A spokesperson from SoulCycle responded that the company “strongly disagrees with the accusations.” Whelan eventually stepped down as CEO following a reported decline in memberships.
8. Always do your due diligence.
Care.com, an online resource that connects families with caregivers, faced backlash for not vetting its caregivers. An investigative piece by The Wall Street Journal found instances where caregivers listed on Care.com had police records and were accused of committing crimes while on duty.
While there was no official lawsuit, Care.com responded by removing tens of thousands of unverified providers, implementing new security policies, and releasing a statement clarifying that it did not verify the information for each center. Former-CEO Sheila Lirio Marcelo soon stepped down from her role into a new position as an executive chairwoman.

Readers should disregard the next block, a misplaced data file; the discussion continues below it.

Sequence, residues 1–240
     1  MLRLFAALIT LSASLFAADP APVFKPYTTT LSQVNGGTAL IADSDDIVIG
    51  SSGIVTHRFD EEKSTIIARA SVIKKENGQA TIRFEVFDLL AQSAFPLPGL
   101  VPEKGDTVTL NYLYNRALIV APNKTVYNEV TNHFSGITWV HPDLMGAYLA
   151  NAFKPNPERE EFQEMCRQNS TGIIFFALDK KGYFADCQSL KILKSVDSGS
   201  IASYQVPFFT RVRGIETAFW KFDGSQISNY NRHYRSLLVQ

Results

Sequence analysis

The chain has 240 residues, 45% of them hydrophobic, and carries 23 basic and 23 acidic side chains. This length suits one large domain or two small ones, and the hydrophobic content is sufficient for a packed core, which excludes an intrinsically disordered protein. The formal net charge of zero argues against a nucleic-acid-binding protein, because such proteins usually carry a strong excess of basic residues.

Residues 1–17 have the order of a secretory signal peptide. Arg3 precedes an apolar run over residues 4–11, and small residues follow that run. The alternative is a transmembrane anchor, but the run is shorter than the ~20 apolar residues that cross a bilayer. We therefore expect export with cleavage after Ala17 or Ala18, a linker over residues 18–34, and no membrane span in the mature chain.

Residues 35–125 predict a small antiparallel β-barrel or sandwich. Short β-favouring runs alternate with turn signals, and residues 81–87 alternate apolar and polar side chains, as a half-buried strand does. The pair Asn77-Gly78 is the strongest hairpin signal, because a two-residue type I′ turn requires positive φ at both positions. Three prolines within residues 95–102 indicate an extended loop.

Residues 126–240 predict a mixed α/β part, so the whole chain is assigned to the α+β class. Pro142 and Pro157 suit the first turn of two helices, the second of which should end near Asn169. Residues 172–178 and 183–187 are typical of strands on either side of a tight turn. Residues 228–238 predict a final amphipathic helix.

9. Address issues head-on.
Grocery delivery app Instacart faced a class-action lawsuit over employee wages and tips. Drivers and shoppers spoke out against Instacart’s malpractices, alleging that the company “intentionally and maliciously misappropriated gratuities in order to pay plaintiff’s wages” despite specifying that 100 percent of customer tips went directly to shoppers.” This is not the first time Instacart faced legal repercussions — the company was involved in a 2017 employment lawsuit, which was settled for $4.6 million.
Instacart CEO Apoorva Mehta immediately released a blog post to address employee frustrations, guaranteeing higher base compensation for shoppers, and that they will no longer include tips in the base pay.
10. Speak up for what’s right.